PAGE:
The emerging tech company, BIOLIFE4D recently announced it has successfully 3D printed human cardiac tissue. This tissue can be used in people who have acute heart failure to help restore lost heart function. This is a huge step toward 3D printing an actual human heart viable for transplant. Learn more about how 3D printers are making body parts that can take over when yours wear out.
Art that looks like a heart
Courtesy Fisher Unitech
Fisher Unitech, a 3D printing and software company, gives us a sense of what an actual human heart might look like when it’s printed—or at least, an artistic rendering of one. The pillar on which the heart is displayed was also 3D printed.
Courtesy Shir David
Speaking of art, Brooklyn artist Shir David 3D printed a series of sculptures for display at Currents New Media in Santa Fe, NM. The series is called Lightscapes and it uses 3D-printed sculptures to explore the “relationship we have with light.” The individual pieces are:
- Raphael and a Fridge
- Rebecca in Front of a Bar
A device to keep himself out of trouble
Courtesy Makers Empire at St. Pauls
Using a 3D printer, 10-year old William Grame worked with Makers Empire to design a device for disposing of used blood-sugar testing strips. William, who has type 1 diabetes, tended to leave his strips around—an annoyance for his mother. Now, he’s covered. Check out the 26 life-saving facts even non-diabetics should know about blood sugar.
Models of historical houses
Courtesy Makers Empire at St. Paul's
Another Makers Empire project, these models of historical buildings were all 3D printed—by 4th graders, in Adelaide, Australia. The students then took their 3D-printed models with them as they toured in person the buildings that had served as their inspiration.
Parts for actual houses (and buildings)
Architecture and design firm EDG specializes in building and restoration projects. They have started using 3D-printing technology to generate molds to produce intricate building decorations and ornamentation. The company can generate parts to restore and maintain deteriorating ornamentation and to make practical, cost-effective repairs.
San Francisco-based Gantri 3D prints sustainable table lights in original designs created by independent artists around the world. Upgrading the lighting is one of the 31 things that can increase the value of a home.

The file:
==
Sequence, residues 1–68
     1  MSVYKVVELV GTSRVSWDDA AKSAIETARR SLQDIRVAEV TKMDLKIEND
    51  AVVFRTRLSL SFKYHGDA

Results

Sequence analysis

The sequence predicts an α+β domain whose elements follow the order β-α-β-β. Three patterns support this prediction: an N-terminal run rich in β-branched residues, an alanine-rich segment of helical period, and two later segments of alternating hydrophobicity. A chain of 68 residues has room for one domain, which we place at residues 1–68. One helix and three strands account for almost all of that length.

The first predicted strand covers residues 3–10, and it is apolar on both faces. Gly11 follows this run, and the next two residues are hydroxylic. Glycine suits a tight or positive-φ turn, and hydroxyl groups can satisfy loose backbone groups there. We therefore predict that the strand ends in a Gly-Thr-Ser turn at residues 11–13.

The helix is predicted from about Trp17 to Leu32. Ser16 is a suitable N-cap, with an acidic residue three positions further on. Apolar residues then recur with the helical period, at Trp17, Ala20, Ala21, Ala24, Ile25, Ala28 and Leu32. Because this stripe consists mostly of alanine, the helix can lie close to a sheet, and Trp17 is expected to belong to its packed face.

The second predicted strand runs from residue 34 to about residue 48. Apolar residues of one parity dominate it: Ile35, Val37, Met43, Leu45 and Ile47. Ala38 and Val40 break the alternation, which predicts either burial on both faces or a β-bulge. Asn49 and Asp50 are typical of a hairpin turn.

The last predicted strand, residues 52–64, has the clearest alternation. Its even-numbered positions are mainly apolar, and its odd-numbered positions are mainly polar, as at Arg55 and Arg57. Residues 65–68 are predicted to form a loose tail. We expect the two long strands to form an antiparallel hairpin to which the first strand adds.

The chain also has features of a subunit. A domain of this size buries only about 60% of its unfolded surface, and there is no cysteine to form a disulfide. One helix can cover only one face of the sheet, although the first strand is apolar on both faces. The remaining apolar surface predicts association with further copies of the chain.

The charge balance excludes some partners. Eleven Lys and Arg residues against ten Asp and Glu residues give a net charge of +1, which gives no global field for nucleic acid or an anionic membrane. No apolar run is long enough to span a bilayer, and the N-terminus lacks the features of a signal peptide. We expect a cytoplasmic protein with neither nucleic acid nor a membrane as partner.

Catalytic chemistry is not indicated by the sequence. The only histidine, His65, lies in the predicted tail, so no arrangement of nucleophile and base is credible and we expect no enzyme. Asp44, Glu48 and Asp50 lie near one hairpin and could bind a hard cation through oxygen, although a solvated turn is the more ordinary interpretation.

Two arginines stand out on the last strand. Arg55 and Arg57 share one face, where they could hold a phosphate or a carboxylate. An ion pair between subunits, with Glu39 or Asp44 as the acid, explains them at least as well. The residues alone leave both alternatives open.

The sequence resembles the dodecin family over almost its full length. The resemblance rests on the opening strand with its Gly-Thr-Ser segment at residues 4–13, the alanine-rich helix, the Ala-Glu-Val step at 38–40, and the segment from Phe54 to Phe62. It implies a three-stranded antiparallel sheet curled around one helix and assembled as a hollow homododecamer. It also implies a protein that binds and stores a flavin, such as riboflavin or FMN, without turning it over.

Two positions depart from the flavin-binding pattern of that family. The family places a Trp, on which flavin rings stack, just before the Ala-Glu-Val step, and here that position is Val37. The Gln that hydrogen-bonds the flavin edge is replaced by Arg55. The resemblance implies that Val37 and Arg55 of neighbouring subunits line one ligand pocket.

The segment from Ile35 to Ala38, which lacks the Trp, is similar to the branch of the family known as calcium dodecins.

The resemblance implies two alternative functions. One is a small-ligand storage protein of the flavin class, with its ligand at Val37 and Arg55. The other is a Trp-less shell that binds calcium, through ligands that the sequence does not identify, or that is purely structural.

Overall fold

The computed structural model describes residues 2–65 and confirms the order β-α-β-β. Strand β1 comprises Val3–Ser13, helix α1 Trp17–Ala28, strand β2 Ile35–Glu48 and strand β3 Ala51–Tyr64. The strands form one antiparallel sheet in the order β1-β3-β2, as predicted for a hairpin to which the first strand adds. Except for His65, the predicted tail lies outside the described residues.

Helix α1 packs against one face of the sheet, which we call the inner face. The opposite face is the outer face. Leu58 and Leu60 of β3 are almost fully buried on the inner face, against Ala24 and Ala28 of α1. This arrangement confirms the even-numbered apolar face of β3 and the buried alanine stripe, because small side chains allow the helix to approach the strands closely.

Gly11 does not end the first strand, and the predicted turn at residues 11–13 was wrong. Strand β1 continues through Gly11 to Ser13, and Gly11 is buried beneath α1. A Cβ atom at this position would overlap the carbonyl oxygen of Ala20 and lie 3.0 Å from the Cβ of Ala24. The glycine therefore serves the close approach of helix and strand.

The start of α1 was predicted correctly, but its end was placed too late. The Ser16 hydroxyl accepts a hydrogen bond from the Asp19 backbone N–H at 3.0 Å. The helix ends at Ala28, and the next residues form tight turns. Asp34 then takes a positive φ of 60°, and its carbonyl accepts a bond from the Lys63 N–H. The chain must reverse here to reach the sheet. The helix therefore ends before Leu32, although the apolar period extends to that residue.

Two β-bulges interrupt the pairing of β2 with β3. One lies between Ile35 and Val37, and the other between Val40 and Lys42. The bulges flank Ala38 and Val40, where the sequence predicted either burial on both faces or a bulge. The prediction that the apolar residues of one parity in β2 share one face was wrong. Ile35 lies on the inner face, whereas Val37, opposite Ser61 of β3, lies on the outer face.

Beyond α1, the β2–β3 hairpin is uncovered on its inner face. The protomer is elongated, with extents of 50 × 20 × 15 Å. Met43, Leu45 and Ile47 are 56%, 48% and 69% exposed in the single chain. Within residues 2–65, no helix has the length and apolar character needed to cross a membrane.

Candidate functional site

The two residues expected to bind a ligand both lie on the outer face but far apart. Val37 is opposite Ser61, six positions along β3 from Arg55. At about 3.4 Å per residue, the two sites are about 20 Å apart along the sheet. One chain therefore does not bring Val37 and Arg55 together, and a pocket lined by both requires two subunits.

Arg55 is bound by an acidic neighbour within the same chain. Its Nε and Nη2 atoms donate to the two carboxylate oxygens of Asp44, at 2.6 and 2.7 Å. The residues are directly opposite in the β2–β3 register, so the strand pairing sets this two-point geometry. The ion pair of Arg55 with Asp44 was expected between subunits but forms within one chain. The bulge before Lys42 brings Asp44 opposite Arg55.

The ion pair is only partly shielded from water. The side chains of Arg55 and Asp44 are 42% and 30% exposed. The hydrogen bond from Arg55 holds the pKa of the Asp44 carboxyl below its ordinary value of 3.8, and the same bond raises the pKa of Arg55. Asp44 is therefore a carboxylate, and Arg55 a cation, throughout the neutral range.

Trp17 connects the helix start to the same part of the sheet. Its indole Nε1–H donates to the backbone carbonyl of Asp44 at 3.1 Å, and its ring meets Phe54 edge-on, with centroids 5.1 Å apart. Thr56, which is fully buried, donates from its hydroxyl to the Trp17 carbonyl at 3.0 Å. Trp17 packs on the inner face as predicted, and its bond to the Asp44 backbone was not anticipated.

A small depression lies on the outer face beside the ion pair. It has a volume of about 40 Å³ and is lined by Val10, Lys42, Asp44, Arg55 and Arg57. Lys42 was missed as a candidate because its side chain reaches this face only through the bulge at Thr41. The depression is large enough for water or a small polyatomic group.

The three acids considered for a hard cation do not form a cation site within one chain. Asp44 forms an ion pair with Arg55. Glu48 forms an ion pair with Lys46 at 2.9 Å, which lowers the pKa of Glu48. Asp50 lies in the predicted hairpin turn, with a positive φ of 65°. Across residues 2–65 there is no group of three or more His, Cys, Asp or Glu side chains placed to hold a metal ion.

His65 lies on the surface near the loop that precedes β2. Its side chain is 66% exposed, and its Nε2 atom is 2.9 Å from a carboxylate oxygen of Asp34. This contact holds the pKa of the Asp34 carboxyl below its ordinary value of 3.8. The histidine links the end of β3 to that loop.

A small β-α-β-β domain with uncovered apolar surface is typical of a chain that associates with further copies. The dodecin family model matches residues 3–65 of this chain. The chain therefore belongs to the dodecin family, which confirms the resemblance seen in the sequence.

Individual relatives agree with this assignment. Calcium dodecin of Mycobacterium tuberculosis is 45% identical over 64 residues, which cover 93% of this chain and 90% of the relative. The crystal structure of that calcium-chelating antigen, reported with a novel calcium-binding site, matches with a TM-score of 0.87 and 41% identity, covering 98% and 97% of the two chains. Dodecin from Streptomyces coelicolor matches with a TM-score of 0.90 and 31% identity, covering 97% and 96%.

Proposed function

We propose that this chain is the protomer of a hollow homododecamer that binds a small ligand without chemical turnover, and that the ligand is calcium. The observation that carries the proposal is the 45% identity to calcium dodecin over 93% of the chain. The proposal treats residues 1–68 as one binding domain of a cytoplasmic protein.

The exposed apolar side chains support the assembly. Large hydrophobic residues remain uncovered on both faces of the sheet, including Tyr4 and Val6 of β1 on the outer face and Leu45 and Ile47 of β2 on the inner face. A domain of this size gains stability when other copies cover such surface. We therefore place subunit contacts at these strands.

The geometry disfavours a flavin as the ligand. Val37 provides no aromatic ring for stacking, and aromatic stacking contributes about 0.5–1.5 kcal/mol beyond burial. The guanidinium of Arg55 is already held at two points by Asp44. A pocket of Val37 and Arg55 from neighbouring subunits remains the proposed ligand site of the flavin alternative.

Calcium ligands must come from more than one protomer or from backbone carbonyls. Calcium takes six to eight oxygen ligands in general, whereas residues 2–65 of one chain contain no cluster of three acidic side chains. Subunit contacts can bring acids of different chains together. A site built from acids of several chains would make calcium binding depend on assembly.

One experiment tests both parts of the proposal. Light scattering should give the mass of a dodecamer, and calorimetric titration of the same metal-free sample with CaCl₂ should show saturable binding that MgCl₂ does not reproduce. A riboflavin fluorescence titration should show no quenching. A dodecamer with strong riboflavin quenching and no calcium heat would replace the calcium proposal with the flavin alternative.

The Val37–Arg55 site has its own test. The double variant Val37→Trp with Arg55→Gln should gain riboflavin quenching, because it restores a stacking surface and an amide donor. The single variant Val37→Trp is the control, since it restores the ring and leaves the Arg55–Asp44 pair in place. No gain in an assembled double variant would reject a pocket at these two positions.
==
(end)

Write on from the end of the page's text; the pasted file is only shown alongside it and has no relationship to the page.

Courtesy Fab Lab Hub
Sarah Boisvert, founder of Fab Lab Hub, 3D prints the jewelry pictured, but that’s not all. She is on a mission to retrain blue-collar workers in 3D printing technology so that they can take advantage of new manufacturing job opportunities in automation, robotics, CAD and generative design, 3D Printing, Big Data and more. Learn more about it in her book, The New Collar Workforce.
Noodles you can really eat
Courtesy Hebrew University of Jerusalem
Yes, you can make food with a 3D printer: To create these tofu noodles, students in Amit Zoran‘s Design Hybrids Lab at the Hebrew University of Jerusalem, filled a 3D printer extruder with tofu instant noodle paste. The food not only looks good but it’s also designed to taste better too because, as Zoran explains, “flavor is closely linked to temperature, and precise control will ensure better consistency.”
Bust of a historical figure
Courtesy Matthew Mead, CTO of SPR
In honor of International Women’s Day, digital transformation consulting firm SPR 3D printed this bust of Ada Lovelace: She is considered to be the world’s first computer programmer. You can learn all about her and 56 other trailblazing women.
3D-printed Christmas decorations for charity
Courtesy Makers Empire at St. Paul's
More visual art that’s more than what it looks like, 200 of these Christmas ornaments were 3D printed by students at Nova Scotia’s BLT Senior Elementary School, with the help of Makers Empire, for a “Make Sale” at their school’s Christmas concert. All proceeds ($347) were donated to the local children’s hospital, the IWK Health Centre in Halifax. Here are 8 DIY Christmas ornaments you make yourself (no 3D printer required).